IQ May Get You The Job, But EQ Grows The CU

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Do you know your EQ? Do you care to?

At issue is whether you are an entrepreneur or to what degree you have an entrepreneurial quotient. Having been an entrepreneur in several start-up businesses, I speak from experience in telling you that there may be an inverse relationship between EQ and IQ, because as anyone who has launched a business knows, you spend considerable time lying awake at night wondering what you were thinking and whether or not you were out of your mind.

Within credit unions, as with any business, there is entrepreneurship of a different kind to be found. It's the Ownership of Ideas, and the ability to champion those ideas, follow up and see them through to execution. It's sort of a business within the business (with the added bonus that it's not your money at risk-the real gutcheck for any true entrepreneur-just your time and perhaps your reputation). If you're the type of credit union executive willing to take risks with those latter two, someone's looking for you.

Two years ago the credit union community's think tank, the Filene Research Institute in Madison, Wis., created a first-of-its-kind program to foster "innovation." Until 2004, Filene, named after credit union patron Edward Filene, who observed that "Progress is the constant replacing of the best there is with something better," had focused on using researchers outside the credit union community to study a broad range of issues. But what was missing was the inside piece, and specifically, the organically grown innovation that could be shared so that credit unions-themselves an innovation-could become that "something better." Out of that was born i3.

i3 was and is unique for many reasons, not the least of which is that you can't form an acronym out of its name in which the letters "CU" appear. The name stands for ideas, innovation, implementation. It also doesn't focus on political lobbying, isn't comprised of CEOs, and in what may be its singularly unique feature for a credit union group, produces tangible, tested product and service concepts and strategies that are put into practical use, not white papers.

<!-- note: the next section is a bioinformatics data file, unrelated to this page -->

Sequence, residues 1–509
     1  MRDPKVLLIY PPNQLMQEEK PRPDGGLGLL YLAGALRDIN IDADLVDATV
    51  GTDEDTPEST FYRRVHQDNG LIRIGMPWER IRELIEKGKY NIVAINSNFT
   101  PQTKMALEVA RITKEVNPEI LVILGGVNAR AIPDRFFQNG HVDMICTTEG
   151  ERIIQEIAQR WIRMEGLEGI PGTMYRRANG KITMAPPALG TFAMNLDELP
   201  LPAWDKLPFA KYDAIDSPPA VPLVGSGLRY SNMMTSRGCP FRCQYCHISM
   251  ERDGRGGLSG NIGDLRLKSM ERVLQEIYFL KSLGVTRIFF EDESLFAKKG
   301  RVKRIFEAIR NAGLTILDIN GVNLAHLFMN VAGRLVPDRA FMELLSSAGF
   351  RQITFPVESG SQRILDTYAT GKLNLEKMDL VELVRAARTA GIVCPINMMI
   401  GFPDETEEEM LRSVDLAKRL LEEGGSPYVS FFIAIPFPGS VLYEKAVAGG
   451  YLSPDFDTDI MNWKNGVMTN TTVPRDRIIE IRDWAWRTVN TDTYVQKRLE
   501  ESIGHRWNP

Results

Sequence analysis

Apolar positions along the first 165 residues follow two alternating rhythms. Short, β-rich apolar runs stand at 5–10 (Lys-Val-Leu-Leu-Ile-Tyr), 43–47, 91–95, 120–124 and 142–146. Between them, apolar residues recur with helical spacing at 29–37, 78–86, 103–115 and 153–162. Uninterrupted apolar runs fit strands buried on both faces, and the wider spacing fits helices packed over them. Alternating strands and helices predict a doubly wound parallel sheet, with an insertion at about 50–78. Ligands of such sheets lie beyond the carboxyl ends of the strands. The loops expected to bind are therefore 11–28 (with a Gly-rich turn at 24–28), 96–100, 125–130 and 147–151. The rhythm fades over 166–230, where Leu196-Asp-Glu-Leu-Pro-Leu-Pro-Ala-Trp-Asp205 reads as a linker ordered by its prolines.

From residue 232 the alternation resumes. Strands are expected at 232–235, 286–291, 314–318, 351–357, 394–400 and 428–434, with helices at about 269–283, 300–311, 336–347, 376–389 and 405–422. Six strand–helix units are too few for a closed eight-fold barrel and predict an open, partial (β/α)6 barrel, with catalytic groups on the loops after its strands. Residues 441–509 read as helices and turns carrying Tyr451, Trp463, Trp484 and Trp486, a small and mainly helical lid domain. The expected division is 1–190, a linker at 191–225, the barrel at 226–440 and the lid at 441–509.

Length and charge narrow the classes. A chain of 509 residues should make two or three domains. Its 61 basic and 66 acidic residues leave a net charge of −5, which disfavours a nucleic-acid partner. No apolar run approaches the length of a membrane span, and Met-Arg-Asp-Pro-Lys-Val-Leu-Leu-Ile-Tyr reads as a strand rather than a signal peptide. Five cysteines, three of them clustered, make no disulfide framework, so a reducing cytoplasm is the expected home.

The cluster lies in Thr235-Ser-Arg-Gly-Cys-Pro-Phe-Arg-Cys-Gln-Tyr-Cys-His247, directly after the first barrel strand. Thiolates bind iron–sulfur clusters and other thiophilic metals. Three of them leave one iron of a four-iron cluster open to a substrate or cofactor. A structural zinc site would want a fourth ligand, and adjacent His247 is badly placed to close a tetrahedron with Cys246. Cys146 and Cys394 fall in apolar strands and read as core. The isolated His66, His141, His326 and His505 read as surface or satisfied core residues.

Does that stir your entrepreneurial juices? (If a career in middle management, taking few risks and doing even fewer exciting things appeals to you, thanks for your readership to this point, but please skip to the next page.) If so, you may want to fill out an application.

'i3 is an opportunity to make a name for yourself and to be part of something bigger than yourself and also to do it at the national level," said Mark Meyer, whose heads up i3 and whose title is "Director of Innovation" at Filene. Meyer shared a story at the recent Credit Union Journal conference that when he was hired for the post, he asked Filene's Executive Director Bob Hoel what a "Director of Innovation" does? Hoel's response: "I don't know." That left Meyer to pioneer new directions, and one of the things he's done is look for other pioneers. But can they be found in credit unions? What about the rule of Innovation vs. Assets, that is the larger the credit union, the more likely groupthink overrules individual leadership.

"I think the largest credit union is nothing compared to a Citibank or a BofA. A credit union can be so much more nimble and swift," Meyer said, conceding that larger credit unions can become more "siloed" in terms of cross-functionality. "With smaller credit unions it's not so much an issue of assets as it is that they don't have the time. You have people who are wearing 15 different hats."

In credit unions of all asset sizes, Meyer reminded that the key question remains, "Are we creating cultures within our organizations that foster innovation?" Research and development, he reminded, is a "discipline."

If all that sounds appealing and you're still reading, you will want to submit an application to become part of i3. Applicants who are accepted are broken up into work groups, and immediately do just that: get to work. Meyer said that he "naively" thought before the launch of i3 that it would require five to seven hours of work per month, but most i3ers are putting in that kind of time every week, and I spoke to one i3 member last week who in one breath extolled all the excitement of the three I's-developing ideas, turning them into innovations and then implementing them-and in the next breath saying he was out of breath from the work.

i3 members sign on for a three-year period and are given one six-month project and two one-year projects. They meet physically twice per year, and are generally divided into cross-functional teams representing different professional disciplines (Meyer said i3 has never had a representative from HR).

"i3ers, generally, are passionate," said Meyer. "They are pretty altruistic. They want to see the credit union industry grow and thrive, and also want to make sure the industry is around. The reason we push for hard-core entrepreneurial skills is there is no capital given to them. We just say, 'Hey, take this.' We need people who answer, 'Let's get this done.'"

So, are you a risk-taking, entrepreneurial, innovative, cross-pollinating, make-it-work type? You can take an EQ test on the Filene website (www.filene.org) by clicking on the i3 icon, where you can also fill out an application.

Frank J. Diekmann is Publisher of The Credit Union Journal. He can be contacted at fdiekmann cujournal.com.

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